6th REPORT, SESSION 1999-2000: PROSPECTS
FOR THE LISBON SPECIAL EUROPEAN COUNCIL
Memorandum from the Foreign and Commonwealth
Office to the Select Committee on the European Union
1. The Government notes the conclusions
and the questions raised in the Select Committee on the European
Union's Report Prospects for the Lisbon Special European Council.
The Government's summary of the Council's outcomes and the responses
to the Committee's question follow below.
2. The Government regards the Lisbon Special
Council as a significant event on the European Union agenda. The
results were highly satisfactory, demonstrating that the European
Union is a very different place from even a few years ago. The
success of the Council also showed the value in the Government's
positive approach to Europe and to working with our European partners
in putting economic reform at the forefront of the EU's work.
The Council itself arose from a UK-Spain bilateral initiative
in 1999, and the UK agreed a further eight bilateral initiatives
in the run-up to the Council, including with France, Belgium and
the Netherlands, to promote our joint views for Lisbon.
3. The Prime Minister stated in the House
of Commons that the "Council marks a sea change in European
economic thinkingaway from heavy-handed intervention and
regulation, towards a new approach based on enterprise, innovation
and competition". That is now the agenda the Commission,
the Council and Member States will pursue to achieve the goals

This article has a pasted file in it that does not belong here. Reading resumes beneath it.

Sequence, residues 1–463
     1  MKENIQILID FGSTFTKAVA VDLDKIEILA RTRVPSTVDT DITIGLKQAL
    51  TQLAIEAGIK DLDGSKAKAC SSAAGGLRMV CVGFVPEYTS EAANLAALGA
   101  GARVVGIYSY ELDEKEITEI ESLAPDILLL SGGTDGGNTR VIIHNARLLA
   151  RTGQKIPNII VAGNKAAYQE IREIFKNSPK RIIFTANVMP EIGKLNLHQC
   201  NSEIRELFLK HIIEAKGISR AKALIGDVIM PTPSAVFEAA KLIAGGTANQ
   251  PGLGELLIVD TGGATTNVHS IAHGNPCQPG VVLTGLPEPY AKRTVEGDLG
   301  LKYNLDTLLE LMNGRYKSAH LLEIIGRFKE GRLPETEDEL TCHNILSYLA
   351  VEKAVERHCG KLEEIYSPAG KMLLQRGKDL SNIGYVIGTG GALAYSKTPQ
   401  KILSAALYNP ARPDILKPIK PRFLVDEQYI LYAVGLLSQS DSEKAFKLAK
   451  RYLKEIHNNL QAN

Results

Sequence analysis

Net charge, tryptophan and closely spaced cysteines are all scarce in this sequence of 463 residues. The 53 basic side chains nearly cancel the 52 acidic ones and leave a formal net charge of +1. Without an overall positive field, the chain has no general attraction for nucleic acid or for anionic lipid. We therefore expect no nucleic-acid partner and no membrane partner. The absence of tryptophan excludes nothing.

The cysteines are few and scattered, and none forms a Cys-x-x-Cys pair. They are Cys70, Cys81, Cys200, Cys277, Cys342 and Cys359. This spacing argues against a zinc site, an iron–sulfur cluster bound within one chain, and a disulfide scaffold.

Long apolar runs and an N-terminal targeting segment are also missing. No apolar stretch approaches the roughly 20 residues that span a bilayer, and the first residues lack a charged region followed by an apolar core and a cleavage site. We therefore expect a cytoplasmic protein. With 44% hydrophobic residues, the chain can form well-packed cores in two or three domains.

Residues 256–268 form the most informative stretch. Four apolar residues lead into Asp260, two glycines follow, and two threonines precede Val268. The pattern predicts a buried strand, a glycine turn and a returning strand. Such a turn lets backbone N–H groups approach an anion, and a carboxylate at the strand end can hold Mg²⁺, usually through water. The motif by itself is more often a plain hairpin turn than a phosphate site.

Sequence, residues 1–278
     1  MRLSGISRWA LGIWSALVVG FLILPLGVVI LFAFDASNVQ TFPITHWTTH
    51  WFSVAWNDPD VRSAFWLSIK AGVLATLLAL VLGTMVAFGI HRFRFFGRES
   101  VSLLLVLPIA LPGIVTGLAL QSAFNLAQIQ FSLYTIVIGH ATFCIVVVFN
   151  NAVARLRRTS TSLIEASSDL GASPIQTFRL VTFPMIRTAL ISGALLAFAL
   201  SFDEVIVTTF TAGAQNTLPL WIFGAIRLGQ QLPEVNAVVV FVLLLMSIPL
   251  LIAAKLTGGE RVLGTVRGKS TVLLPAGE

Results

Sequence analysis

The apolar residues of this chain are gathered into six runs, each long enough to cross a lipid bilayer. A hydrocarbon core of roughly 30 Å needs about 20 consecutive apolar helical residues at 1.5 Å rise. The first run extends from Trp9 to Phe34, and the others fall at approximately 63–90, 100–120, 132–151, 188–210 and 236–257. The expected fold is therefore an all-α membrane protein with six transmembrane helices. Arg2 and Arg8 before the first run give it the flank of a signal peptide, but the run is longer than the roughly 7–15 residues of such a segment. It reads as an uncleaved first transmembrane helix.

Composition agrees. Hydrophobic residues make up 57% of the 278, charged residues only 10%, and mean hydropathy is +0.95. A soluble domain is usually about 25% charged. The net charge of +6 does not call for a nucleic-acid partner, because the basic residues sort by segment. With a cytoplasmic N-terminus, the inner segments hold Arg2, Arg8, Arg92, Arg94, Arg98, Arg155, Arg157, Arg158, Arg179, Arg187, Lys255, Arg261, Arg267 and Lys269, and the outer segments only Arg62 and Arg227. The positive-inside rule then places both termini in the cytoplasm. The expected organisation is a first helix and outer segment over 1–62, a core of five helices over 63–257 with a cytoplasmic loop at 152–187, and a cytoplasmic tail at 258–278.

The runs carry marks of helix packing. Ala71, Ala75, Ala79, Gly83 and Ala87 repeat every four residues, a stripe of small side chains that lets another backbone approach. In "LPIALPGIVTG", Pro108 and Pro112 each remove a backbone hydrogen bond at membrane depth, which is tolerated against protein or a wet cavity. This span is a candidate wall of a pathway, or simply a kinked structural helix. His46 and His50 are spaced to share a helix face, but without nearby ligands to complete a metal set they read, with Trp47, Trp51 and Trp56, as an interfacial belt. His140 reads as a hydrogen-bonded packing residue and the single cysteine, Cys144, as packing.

and tight deadlines set out at Lisbon.
4. The Council was a success on many fronts.
In general, as the Prime Minister noted, it signals a reorientation
of how Europe approaches economic issues. The Council agreed a
new strategic goal for the next ten years "to become the
most competitive and dynamic knowledge-based economy in the world
capable of sustainable economic growth with more and better jobs
and greater social cohesion". The strategy for achieving
this is designed to enable the Union to regain the conditions
for full employment. The Council also agreed a new open method
of co-ordination, involving benchmarking Europe's performance
and progress against the best in the world and exchanging best
practice and experience among Member States. An annual meeting
of the European Council in the Spring will monitor follow-up.
5. More specifically, the Council agreed
a set of proposals with clear deadlines for completion.
In the areas of innovation and economic reform,
the Council agreed to:
implement an effective legal framework
for e-commerce (2000);